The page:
Cannes Film Festival winning looks

If the Met Gala has become the ultimate haute couture costume party, the Oscars the marketing opportunity for your brand and the VMAs the expression of pure sartorial identity, the Cannes Film Festival, which ends on May 28, is the tout-va oleo of all the above. It’s simply so long – 11 days – and involves so many stars of so many levels (from A-list to D-list), not to mention red carpets, gala dinners and related photo ops, that every possible permutation of dressing for the audience the eye is depicted.

But amid all the acres of Giambattista Valli tulle, Dior princess dresses and bare Peter Dundas looks; from classic tuxedos (black and white) and aviator hues, a few statement pieces and people went beyond just fabulous to offer a lesson in this special moment.

When Pierpaolo Piccioli, the creative director of Valentino, revealed Pink PP, his special shade of hot pink (named after his initials) during the last Paris Fashion Week, then decided to make practically his entire collection in this one color , the reviewer’s reaction was decidedly mixed. It was so… uh, brilliant. And all kinds of mixed together.

But the show has proven to be an unexpected hit with celebrities, who have been showcasing pieces from the collection on red carpets since April. Yet, as stylish as the looks are, celebrities have seemingly missed the fact that, given how instantly identifiable, specific, and blinding that particular color is, they all look like they’re wearing the same thing.

So in the end, it was Valentino Pink PP more than any style or even star (including Anne Hathaway, Naomi Campbell, Bérénice Bejo, Katherine Langford and many others) that it was impossible to ‘to forget.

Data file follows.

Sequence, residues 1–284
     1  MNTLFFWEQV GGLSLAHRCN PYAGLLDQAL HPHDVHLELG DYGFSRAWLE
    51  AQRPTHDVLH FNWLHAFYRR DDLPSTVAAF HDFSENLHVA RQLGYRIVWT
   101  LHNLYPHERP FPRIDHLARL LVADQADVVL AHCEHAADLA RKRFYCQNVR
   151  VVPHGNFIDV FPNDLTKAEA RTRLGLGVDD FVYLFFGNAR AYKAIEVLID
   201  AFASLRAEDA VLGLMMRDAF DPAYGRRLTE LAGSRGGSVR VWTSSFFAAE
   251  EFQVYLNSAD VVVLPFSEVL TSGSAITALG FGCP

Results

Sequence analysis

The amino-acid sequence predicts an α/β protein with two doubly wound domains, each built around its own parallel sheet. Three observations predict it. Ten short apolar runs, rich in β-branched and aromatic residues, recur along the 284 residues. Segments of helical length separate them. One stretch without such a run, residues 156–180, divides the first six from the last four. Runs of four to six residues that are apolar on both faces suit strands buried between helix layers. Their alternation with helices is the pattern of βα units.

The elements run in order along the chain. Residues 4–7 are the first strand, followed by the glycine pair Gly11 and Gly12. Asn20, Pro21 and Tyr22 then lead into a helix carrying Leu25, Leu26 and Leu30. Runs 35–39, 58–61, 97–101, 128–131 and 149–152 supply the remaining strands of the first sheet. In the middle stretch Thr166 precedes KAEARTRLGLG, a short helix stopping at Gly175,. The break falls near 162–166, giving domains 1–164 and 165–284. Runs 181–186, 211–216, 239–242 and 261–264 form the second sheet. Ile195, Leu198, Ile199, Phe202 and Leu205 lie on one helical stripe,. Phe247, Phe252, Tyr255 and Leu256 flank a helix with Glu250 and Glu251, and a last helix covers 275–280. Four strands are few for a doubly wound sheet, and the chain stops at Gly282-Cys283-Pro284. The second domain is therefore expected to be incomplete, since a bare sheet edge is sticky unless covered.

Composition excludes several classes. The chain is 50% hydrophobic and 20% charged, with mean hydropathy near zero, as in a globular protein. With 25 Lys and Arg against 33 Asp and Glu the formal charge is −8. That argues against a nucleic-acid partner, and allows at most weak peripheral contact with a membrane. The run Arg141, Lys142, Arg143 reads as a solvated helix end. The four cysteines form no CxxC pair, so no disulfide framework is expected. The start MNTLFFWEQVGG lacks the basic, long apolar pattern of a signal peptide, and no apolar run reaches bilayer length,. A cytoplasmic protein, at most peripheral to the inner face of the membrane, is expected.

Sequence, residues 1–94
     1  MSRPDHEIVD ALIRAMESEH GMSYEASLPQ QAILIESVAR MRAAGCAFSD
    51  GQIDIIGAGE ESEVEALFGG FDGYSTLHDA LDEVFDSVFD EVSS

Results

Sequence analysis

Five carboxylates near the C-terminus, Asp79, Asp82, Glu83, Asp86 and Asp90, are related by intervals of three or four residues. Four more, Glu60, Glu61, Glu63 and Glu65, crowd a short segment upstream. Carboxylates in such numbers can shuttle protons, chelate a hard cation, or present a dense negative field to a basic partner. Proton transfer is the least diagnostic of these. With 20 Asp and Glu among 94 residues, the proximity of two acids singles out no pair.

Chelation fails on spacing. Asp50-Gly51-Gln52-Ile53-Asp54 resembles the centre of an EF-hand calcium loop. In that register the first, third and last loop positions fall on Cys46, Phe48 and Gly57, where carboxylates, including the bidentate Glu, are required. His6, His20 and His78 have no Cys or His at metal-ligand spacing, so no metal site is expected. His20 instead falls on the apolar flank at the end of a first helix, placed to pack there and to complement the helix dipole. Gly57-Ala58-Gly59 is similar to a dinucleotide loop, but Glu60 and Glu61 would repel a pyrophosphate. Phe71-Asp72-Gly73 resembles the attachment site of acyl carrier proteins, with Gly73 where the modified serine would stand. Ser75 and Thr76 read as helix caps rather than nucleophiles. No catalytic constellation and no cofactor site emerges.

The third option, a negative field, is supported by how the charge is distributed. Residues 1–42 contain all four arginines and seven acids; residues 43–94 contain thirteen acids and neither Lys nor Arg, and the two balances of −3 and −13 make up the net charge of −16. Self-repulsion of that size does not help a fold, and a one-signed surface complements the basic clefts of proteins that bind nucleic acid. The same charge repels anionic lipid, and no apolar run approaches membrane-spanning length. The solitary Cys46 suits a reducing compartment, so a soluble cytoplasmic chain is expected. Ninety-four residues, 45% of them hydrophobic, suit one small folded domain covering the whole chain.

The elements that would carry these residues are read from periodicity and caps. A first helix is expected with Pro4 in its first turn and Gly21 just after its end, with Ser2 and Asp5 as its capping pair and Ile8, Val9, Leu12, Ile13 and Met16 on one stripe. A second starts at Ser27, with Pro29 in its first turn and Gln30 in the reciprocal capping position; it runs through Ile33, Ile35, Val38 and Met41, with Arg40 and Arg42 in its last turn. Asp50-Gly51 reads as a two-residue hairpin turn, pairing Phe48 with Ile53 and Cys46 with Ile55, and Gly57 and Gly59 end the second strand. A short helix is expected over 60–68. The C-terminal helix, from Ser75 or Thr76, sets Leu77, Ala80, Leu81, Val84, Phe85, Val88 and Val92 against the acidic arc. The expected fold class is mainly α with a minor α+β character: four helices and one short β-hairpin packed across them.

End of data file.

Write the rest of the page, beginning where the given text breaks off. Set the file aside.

Between the froufrou and the penguin costumes, the visual overload of the entrances can often look like main macaroons (especially after the fast of the past two years), and it’s easy to forget that Cannes is actually a resort town, complete with beach. and walk.

So it was…well, kinda easy to see celebrities embrace the seaside spirit by swapping bubble skirts and tuxedo pants for shorts. Not just any old frayed denim shorts, of course, but more black tie shorts. Still, good idea. At the top of the bill, Rossy de Palma, the president of the jury of the Caméra d’Or (which awards the prize for the best first feature film) who dressed it in a black suit-shorts during the preview , followed the next day by a similar white appearance. Cooler than a miniskirt and airier than a maxi, they gave the whole occasion a certain look.

The red carpet, with all the camera lenses, paparazzi and eyeballs associated with it, is traditionally a protest magnet (remember the Louis Vuitton fashion show that was crashed by a climate protester?), and the festival of this year was no exception. A activist crushed the premiere of George Miller’s ‘Three Thousand Years of Longing’, stripping down to his underwear to reveal a bare chest painted in the colors of the Ukrainian flag and the message ‘stop raping us’. The lower half of her body was splattered with bloody red paint and the word “scum” (the name of a French feminist collective). Although she was quickly covered up and taken away by security, you can understand the motivation. Why waste all this attention on dresses?

Delving into a brand’s archives for the shiny equivalent of the re-wear movement is becoming more and more common these days. (About time.) Case in point: Bella Hadid, in collaboration with stylist Law Roach, delivered a masterclass in the power of vintage vibes through three different Versace looks. First, she attended the screening of “The Innocent” in a 1987 hourglass black number with a giant beanbag that channeled John Singer Sargent’s “Madame X.” Then she arrived at the festival’s anniversary dinner in a hip 2001 leather dress with a plunging neckline. And she just appeared on her balcony in a corseted chiffon look from 2003. It gave new meaning to the phrase “that old thing.”

Baz Luhrmann Presley’s high-profile biopic has been making waves for a while now, so it’s no surprise that some of the king’s signatures have already influenced creators and the bold names that carry them. Pastel tuxedos, bling and jumpsuits were all present and catered for – and not just at the “Elvis” premiere. Given the critical reception, which at least praised the look of the film, this is just the start. Set your trend counters now.

Plus Best Dressed Honorable Mentions:

Anne Hathaway, who balanced grandeur with the kitsch entertainment of the Croisette in equal measure; Viola Davis, whose array of brilliant plumage made her look like a fabulous bird of paradise; and Grand Jury member Rebecca Hall, whose wardrobe looked like an entire fashion week in miniature.

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